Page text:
ORRVILLE, OHIO – The J.M. Smucker Co. sees a ripe opportunity in clean-label trends. Softer sales of its sugar-free spreads have prompted the company to address a shift away from artificially sweetened products.
“… there is a segment of consumers who are shifting away from artificially sweetened products that is impacting what we refer to as our better-for-you line of fruit spreads,” said Vince Byrd, president and chief operating officer, during a Feb. 14 earnings call with financial analysts. “Reflecting this trend, we are focused on ensuring we have the right product offerings to meet the needs of our consumers.”
An example is Smucker’s Fruit-Fulls, a line of fruit pouches that appeals to consumer trends of on-the-go snacking and simple label. The applesauce-based product line includes four blended fruit flavors and is set to ship beginning early next fiscal year.
“We have done some really good research on how the consumers see the Smucker brand, and they do see it as a fruit product,” said Paul Smucker Wagstaff, president of U.S. Retail Consumer Foods. “We do have, obviously with our jams and jellies a sweetened product; some is with sugar, some is corn syrup and some is artificial sweeteners. But again, we feel that this product that we are launching is – the only ingredient on the label is just fruit. … There is nothing else included.”
Clean-label trends also inspired the recent launch of Smucker’s Natural Fruit Spreads, made without artificial sweeteners, preservatives or colors. Early results of the product line have been encouraging, the company said.
Innovation figures largely into Smucker’s growth strategy. In the current fiscal year, the company has launched 100 new products, including a Dunkin’ Donuts Bakery Coffee line, Jif Whips spreads, and new varieties of Pillsbury baking items.
“When you look at our organic growth rate of which innovation is a key driver, our target for a long time was 1%, and we exceeded that,” said Mark Belgya, senior vice-president and chief financial officer. “Even last year, I believe, if I remember the numbers, the way we define new products, which are products that came out over a three-year window, it made up 10% of our total sales last year.”
A series of short-term challenges, including shortfalls in peanut butter and fruit spreads, foreign currency headwinds and competitive pricing, contributed to a disappointing third quarter for the company. Smucker now expects a soft fourth quarter but remains optimistic about fiscal 2015, based on its innovation plans, strong brand support and a more stable raw material cost environment.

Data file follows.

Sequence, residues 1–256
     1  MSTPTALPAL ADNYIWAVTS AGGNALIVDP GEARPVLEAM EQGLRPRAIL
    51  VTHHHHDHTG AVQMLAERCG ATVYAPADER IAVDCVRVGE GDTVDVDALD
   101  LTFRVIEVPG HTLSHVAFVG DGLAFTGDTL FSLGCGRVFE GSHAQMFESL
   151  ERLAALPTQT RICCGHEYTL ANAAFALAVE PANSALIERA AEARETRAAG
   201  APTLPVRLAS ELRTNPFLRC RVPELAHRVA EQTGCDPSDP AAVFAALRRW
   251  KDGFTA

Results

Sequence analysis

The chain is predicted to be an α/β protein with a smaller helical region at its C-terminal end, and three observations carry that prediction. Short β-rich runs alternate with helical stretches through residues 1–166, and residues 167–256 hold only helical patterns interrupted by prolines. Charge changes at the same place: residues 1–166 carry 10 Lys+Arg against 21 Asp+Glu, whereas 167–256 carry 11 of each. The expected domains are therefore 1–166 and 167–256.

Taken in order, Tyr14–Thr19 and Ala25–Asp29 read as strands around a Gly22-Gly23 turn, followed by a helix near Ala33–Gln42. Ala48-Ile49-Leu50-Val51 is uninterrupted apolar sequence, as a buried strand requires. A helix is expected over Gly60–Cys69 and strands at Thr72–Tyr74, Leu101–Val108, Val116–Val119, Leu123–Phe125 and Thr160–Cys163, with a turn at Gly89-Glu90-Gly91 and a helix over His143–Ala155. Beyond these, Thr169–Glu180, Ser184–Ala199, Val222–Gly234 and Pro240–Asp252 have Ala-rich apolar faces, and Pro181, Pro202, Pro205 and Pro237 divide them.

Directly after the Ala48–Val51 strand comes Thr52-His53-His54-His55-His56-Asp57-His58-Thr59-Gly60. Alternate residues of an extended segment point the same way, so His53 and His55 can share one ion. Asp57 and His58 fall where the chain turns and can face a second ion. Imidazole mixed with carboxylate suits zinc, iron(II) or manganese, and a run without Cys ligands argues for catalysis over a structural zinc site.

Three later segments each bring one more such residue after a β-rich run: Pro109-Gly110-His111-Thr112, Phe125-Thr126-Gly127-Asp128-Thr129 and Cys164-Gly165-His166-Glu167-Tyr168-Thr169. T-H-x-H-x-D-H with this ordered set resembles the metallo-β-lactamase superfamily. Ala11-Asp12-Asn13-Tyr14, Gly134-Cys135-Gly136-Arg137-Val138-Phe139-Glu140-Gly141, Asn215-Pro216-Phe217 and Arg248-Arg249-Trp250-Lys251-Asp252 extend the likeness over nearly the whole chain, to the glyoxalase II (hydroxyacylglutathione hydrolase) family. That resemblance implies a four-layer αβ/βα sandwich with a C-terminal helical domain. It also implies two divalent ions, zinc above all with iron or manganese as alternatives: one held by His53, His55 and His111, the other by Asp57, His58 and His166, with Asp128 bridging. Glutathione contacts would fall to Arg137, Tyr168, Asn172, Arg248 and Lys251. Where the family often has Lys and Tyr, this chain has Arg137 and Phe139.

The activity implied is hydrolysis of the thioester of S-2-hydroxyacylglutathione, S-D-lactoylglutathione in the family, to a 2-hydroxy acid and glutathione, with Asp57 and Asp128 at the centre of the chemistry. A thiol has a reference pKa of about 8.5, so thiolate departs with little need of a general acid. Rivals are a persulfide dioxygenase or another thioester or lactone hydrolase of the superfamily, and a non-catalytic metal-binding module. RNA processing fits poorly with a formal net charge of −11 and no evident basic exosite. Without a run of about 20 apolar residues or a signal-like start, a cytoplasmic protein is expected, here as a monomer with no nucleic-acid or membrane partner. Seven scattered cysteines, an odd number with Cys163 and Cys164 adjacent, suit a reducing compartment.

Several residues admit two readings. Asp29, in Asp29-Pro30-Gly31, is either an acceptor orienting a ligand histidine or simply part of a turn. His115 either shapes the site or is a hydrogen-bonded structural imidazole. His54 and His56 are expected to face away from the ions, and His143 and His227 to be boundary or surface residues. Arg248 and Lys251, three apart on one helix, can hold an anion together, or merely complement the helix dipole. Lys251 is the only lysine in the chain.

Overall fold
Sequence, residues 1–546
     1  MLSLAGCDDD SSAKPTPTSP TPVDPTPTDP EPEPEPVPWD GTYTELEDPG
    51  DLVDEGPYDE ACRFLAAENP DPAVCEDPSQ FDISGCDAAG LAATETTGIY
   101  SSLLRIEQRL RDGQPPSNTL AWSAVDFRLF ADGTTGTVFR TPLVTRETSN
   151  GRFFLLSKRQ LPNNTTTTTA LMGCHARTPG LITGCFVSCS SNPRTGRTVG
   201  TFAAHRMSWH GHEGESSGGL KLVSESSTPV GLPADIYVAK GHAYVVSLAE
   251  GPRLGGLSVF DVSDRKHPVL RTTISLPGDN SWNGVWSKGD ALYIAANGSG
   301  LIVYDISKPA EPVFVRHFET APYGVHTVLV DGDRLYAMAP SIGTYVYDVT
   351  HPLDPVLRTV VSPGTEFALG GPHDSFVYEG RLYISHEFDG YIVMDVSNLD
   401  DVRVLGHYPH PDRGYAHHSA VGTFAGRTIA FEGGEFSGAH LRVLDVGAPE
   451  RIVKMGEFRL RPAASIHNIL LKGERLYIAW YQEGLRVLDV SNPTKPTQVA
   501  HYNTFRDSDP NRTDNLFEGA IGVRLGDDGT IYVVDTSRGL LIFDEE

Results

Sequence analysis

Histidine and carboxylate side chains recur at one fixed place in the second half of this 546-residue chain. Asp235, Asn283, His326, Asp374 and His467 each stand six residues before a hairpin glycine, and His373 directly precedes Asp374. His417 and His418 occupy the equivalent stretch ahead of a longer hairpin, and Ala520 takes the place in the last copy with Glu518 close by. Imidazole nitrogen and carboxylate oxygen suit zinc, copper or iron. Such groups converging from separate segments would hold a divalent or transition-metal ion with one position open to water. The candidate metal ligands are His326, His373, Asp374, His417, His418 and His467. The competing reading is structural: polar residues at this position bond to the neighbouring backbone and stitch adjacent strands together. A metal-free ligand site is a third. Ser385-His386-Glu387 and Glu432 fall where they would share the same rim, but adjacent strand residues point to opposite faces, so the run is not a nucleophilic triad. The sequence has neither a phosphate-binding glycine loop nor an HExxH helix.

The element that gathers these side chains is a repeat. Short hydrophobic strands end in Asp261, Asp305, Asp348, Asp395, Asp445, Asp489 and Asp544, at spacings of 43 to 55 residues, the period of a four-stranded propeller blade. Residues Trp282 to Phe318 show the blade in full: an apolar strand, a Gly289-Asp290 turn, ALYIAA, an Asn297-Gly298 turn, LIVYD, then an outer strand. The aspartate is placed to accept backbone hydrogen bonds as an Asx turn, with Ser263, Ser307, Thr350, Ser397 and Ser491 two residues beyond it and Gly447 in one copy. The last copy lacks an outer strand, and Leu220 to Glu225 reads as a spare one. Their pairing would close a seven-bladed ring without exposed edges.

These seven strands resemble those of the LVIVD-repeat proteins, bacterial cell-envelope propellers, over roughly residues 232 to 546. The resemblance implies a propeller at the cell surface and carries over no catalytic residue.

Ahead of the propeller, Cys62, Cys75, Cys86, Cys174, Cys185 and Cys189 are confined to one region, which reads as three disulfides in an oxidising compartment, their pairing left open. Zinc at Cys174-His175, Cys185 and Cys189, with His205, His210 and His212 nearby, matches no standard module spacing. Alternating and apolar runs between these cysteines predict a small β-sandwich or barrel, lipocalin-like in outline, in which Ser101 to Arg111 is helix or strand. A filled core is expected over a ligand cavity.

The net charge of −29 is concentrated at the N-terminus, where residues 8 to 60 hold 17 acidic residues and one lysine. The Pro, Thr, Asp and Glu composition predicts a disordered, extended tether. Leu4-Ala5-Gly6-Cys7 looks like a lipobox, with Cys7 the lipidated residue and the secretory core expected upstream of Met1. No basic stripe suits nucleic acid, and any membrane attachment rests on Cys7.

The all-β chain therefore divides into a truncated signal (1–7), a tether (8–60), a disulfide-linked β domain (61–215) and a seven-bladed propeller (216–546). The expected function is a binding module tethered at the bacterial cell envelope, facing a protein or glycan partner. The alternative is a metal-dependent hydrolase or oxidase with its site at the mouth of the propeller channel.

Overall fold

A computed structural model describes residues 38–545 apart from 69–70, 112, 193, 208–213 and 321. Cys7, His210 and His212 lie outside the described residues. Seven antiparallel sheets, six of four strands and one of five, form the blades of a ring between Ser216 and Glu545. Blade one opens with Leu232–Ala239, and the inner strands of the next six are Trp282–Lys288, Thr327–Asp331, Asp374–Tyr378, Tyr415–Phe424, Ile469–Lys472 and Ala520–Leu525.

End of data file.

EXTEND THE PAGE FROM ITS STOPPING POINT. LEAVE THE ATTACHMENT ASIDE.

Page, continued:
Coffee is a core category
Coffee, which represents Smucker’s largest business, is expected to drive growth in the coming year with a series of initiatives that include commencing distribution of K-Cup products in dollar stores and on-line, introducing new K-Cup varieties, increasing marketing support for the segment and expanding a relationship with Green Mountain Coffee Roasters, Inc.
“This includes participating in their latest innovation, the next-generation brewer platform expected to launch later in the calendar year,” Mr. Byrd said. “In addition, during the quarter, Green Mountain began marketing and selling Folgers Gourmet Selection K-Cups in the food service channel under a distribution agreement, further extending the brand’s footprint.”
For the third quarter ended Jan. 31, net income was a record $166.7 million, equal to $1.59 per share on the common stock, up 8% from $154.2 million, or $1.42 per share, in the prior-year period. Earnings benefited from the company’s share repurchase activities over the past year.
Net sales declined 6% to $1,465.5 million from $1,559.6 million, reflecting volume, planned product rationalization and competitive pricing, as well as recent trade activities.
The U.S. Retail Coffee segment profit rose 4% during the quarter, due to increased volume, lower green coffee costs and decreased marketing expenses that partially offset an unfavorable mix. Sales for the segment dropped 8% in the quarter, caused by lower price realization and mix.
Profit for the U.S. Retail Consumer Foods segment dipped 1%, due to increased manufacturing overhead, marketing expenses and other costs. Sales for the segment decreased 4%, affected by lower net price realization. Strong sales of Smucker’s Uncrustables frozen sandwiches offset weakness in fruit spreads and Jif products. Pillsbury sales decreased as competitors in the category drove deeper promotional pricing, but strong performance of Crisco products helped offset softness elsewhere.In the International, Foodservice and Natural Foods segment, profit declined 10%, reflecting a trade spending accrual adjustment, lost profit on the exited food service business and increased marketing expenses. Segment sales declined 6%, driven by exited portions of Smucker’s hot beverage business and Uncrustables frozen sandwiches for food service, as well as an unfavorable sales mix.